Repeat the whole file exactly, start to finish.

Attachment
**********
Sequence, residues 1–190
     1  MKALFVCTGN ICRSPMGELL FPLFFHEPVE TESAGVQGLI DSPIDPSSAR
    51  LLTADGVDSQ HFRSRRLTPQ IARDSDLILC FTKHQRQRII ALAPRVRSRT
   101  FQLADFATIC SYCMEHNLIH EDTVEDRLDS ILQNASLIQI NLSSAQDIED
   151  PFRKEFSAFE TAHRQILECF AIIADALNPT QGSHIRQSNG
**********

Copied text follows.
Sequence, residues 1–190
     1  MKALFVCTGN ICRSPMGELL FPLFFHEPVE TESAGVQGLI DSPIDPSSAR
    51  LLTADGVDSQ HFRSRRLTPQ IARDSDLILC FTKHQRQRII ALAPRVRSRT
   101  FQLADFATIC SYCMEHNLIH EDTVEDRLDS ILQNASLIQI NLSSAQDIED
   151  PFRKEFSAFE TAHRQILECF AIIADALNPT QGSHIRQSNG